Yankees and Southern folks differ. I have lived on the West Coast, in Chicago, the Midwest, and in Asheville for the last four years—where I’ve been frustrated with the accent and the odd food combinations. What the heck is grit? Why would you boil a peanut and fry a pickle?
There are good things [and] bad anywhere you live. Folks in San Francisco were too aloof; Chicagoans too sports-oriented for my taste. I don’t even want to start in about the Midwest. [But] I have enjoyed meeting people in the places I’ve lived. However, there is something very special about the South that was recently confirmed by Good Samaritans.
I was working in Knoxville and stopped in at a local Kroger’s to pick up a pie, paying at the “you scan,” where I thought I left my wallet. When I went back, it was gone. I was angry with myself and whoever had stolen it. Where was the humanity and honesty?
I spent the next several hours filing a police report, canceling cards etc. I headed [home] and stopped in at the Department of Motor Vehicles in West Asheville. I took a deep and humbling breath and literally just sat down next to a woman I didn’t know, and asked her if she could lend me $10 so I could get a new license. She didn’t hesitate (well, maybe a second) before handing it over, along with her name and address. Yes, I sent her a check that evening. That was Good Samaritan No. 1.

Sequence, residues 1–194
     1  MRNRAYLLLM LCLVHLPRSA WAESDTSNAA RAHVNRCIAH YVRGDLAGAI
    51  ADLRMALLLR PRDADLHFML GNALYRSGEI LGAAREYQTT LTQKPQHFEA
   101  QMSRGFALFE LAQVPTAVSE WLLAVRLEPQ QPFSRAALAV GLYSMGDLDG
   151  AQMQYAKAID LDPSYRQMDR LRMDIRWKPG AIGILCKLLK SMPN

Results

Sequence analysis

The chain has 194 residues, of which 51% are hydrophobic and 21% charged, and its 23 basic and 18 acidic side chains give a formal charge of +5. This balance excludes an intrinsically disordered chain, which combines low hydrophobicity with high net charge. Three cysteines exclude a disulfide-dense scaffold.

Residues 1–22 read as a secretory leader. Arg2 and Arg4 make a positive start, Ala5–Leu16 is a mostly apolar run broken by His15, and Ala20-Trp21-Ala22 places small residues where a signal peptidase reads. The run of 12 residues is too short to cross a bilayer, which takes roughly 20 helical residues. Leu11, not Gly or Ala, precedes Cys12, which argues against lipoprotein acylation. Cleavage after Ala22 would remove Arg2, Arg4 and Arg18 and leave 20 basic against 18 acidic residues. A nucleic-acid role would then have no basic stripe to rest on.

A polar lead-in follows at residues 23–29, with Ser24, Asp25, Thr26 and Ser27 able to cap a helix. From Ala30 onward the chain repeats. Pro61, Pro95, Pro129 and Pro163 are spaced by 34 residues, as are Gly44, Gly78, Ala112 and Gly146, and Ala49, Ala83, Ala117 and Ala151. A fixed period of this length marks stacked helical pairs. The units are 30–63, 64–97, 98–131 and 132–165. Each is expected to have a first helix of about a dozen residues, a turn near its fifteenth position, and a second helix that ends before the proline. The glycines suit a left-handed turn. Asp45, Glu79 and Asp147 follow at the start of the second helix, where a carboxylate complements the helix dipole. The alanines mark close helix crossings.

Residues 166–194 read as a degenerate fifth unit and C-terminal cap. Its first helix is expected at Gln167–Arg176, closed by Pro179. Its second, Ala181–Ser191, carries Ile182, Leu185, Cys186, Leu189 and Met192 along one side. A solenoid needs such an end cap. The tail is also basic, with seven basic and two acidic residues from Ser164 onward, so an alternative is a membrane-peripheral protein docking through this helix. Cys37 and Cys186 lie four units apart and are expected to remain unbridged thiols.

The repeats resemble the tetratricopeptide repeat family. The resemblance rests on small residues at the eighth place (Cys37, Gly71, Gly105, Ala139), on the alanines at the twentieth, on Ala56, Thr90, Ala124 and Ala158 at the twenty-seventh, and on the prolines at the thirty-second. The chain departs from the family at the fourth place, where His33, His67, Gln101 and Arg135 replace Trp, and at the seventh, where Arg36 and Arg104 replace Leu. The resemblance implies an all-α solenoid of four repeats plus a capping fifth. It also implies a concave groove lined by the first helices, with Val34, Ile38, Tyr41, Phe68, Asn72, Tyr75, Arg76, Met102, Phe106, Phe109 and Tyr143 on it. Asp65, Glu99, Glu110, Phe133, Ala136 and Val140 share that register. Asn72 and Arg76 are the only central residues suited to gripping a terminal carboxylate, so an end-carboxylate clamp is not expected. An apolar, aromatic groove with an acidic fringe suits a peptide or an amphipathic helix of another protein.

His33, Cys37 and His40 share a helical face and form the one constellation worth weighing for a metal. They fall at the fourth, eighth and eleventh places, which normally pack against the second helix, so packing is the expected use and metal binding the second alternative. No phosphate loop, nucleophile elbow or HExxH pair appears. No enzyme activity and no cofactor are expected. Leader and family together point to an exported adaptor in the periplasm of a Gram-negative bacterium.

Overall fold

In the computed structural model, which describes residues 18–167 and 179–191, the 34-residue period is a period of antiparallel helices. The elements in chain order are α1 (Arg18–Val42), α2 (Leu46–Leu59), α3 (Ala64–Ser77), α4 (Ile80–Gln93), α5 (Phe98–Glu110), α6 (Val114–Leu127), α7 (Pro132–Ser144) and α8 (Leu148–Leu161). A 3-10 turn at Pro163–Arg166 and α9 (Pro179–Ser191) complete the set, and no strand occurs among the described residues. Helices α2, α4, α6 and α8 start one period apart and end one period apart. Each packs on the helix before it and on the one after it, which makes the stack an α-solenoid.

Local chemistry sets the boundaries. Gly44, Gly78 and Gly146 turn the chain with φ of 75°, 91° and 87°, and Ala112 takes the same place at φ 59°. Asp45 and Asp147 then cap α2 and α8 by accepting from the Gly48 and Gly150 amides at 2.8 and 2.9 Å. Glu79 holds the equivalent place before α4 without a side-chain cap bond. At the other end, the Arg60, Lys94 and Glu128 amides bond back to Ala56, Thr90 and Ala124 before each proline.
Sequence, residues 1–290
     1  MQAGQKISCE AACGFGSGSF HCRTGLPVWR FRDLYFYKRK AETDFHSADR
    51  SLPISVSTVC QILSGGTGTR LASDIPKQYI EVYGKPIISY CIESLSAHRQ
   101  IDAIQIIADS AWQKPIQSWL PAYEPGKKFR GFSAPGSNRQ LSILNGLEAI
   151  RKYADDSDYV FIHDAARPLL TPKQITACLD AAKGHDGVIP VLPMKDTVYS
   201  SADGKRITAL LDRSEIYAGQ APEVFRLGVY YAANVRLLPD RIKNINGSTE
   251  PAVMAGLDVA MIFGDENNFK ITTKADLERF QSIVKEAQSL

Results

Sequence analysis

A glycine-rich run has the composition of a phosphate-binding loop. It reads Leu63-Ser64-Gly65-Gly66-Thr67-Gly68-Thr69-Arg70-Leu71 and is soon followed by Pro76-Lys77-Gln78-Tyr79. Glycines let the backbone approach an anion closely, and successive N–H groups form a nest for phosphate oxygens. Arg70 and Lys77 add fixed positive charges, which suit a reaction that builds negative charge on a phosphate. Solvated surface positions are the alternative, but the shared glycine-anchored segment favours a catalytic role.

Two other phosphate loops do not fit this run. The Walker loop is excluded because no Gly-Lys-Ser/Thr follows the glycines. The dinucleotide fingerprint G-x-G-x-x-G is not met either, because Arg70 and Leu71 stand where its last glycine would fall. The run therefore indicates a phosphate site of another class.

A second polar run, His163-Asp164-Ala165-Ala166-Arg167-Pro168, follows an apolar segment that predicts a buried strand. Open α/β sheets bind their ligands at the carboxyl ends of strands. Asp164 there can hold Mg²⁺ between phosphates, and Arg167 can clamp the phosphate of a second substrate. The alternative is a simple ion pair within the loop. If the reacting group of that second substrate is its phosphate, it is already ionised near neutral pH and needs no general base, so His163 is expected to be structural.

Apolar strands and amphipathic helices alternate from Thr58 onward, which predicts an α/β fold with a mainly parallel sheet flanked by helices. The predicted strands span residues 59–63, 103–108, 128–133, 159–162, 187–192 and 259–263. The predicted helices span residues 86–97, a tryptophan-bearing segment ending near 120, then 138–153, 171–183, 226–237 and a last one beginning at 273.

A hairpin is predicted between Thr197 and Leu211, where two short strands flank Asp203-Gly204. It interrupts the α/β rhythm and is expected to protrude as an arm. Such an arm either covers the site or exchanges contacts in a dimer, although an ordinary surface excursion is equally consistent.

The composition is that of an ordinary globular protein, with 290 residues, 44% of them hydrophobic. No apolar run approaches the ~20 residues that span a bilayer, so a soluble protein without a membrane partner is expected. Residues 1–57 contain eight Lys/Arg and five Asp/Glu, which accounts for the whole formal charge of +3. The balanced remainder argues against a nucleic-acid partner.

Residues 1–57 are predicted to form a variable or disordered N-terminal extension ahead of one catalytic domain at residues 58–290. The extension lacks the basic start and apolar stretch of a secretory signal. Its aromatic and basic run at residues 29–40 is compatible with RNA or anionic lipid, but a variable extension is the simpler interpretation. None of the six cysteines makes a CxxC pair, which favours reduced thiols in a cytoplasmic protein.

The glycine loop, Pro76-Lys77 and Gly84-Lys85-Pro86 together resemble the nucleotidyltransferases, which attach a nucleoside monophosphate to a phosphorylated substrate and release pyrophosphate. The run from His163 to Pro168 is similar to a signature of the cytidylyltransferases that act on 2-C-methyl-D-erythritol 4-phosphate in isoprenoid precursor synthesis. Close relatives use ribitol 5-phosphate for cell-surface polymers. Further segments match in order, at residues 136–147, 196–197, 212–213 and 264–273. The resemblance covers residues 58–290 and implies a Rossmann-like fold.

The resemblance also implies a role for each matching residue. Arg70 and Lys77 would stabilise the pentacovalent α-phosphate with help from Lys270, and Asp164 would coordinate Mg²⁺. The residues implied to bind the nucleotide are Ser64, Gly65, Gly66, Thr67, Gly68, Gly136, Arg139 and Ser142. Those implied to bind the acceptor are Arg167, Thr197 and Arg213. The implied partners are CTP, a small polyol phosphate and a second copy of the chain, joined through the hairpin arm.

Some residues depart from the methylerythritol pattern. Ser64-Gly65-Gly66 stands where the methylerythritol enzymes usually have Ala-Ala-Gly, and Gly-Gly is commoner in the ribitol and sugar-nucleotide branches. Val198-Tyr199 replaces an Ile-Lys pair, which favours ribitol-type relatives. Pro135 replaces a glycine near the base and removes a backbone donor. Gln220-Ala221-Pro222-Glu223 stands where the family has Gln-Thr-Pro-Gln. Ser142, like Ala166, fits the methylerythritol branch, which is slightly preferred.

Exactly one week later, I got a call from my health-insurance company telling me someone found my wallet and contacted them to get my number! Apparently, my wallet was in the middle of the street near the University in Knoxville, and Good Samaritan No. 2 picked it up while on his motorcycle! I told him to use the money in it to send it back to me, and I received it a few weeks later.
I am ashamed to admit that my first inclination was to assume that someone had stolen my wallet, when in reality, I was given something that can’t be bought: optimism that there is still good in this world, and we should all “pay it forward” if given the chance.
— Stacey Sparks